FSS:BSSb1105 Internat. sec. pol. - Course Information
BSSb1105 International Security PolicyFaculty of Social Studies
- Extent and Intensity
- 1/1/0. 7 credit(s). Type of Completion: zk (examination).
- Monika Gabriela Bartoszewicz, MA, MLitt, PhD (lecturer)
Mgr. Marek Dolejší (seminar tutor)
Mgr. Silvie Janičatová (seminar tutor)
- Guaranteed by
- Monika Gabriela Bartoszewicz, MA, MLitt, PhD
Department of Political Science - Faculty of Social Studies
Contact Person: Mgr. Lucie Pospíšilová
Supplier department: Division of Security and Strategic Studies - Department of Political Science - Faculty of Social Studies
- Prerequisites (in Czech)
- ! BSS105 Internat. sec. pol. && ! NOW ( BSS105 Internat. sec. pol. )
- Course Enrolment Limitations
- The course is also offered to the students of the fields other than those the course is directly associated with.
- fields of study / plans the course is directly associated with
- there are 21 fields of study the course is directly associated with, display
- Course objectives
- This course is intended to introduce students to international security policy. It deals with the structure of the international security system and with global and regional (mostly European) security order. Students should be able to describe and to analyze main processes, actors and issues of the international security policy.
- Learning outcomes
- The course is designed to help students to:
Familiarise themselves with the central concepts in security studies;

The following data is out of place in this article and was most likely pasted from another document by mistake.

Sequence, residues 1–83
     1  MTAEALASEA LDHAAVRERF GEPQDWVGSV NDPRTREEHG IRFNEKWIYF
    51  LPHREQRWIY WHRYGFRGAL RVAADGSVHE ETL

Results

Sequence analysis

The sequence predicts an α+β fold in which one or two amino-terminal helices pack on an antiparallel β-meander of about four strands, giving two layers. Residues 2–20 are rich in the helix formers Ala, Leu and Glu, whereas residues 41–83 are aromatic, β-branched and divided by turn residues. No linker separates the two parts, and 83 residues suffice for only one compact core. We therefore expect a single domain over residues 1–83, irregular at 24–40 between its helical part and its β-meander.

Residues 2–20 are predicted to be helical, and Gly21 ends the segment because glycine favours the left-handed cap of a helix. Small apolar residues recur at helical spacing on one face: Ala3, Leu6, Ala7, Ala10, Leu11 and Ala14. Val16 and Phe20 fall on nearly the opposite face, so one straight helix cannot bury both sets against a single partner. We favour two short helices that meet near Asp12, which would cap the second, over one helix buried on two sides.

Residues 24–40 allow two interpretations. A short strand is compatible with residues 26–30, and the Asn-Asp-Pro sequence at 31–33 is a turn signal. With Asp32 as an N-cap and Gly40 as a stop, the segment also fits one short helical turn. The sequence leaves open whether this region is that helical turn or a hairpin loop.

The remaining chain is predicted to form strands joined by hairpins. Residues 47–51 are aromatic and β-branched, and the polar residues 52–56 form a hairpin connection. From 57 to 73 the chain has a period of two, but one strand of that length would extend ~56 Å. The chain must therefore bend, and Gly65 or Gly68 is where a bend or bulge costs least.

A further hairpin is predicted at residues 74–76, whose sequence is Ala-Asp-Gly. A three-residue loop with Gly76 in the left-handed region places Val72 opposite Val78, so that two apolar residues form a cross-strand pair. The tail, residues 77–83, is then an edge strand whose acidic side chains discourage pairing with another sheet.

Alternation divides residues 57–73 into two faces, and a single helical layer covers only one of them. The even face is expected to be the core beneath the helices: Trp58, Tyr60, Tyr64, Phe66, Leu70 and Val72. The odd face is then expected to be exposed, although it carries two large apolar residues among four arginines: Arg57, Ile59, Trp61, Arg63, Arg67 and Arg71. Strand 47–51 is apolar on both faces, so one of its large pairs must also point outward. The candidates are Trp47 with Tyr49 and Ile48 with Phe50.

Develop critical assessment skills regarding various approaches to the formulation, implementation, and evaluation of security concepts and policies;
Gain the ability to present and critique competing scholarly arguments as well as engage with the academic and non-academic literature on international security;
Analyse complex academic and functional problems involved in a multi-level, multi-dimensional approach to international security;
Pursue the connections between the general and the specific through the production of substantial, analytical study informed by familiarity with the appropriate methodologies;
Formulating lucid, precise and concise explanations and assessments of international processes in both written and oral presentations;
promote critical engagement with the security studies literature and enable you to display this engagement by developing an ability to present, substantiate and defend complex arguments.
Transferable skills gained/developed: identifying, locating, and organising relevant source materials, self-management, problem solving, team-work and communication, analytical thinking.
- First part of the course is built on lectures. In the second part, students are divided into seminar groups and focus on concrete security policies options. Both modules are complementary: while the lectures provide the students with necessary theoretical background, the seminars allow them to translate these into practice.
- Lecture 1: Introduction to the course: The idea of security policy.
- Lecture 2: Security for Whom? The depth of the concept: From State to International to Human Security Policies.
- Lecture 3: Security of what (for what)? The breadth and scope of security policies.
- Lecture 4: Security by what means? Violence, law and international structures.
- Lecture 5: Security dilemmas, arms racing, and the ‘old’ security paradigm.
- Lecture 6: New security challenges.
- Week 7: Hegemony and the world order: US, Europe, China, and Russia.
- required literature
- Extended valid list of literature in the IS (study materials)
- Re-ordering the world. Edited by Mark Leonard. 1st pub. London: Foreign Policy Centre, 2002. xviii, 129. ISBN 1903558107. info
- Teaching methods
- Students will be required to do the required readings, to attend class sessions, and prepare security policy proposals. Group activities are included in this course.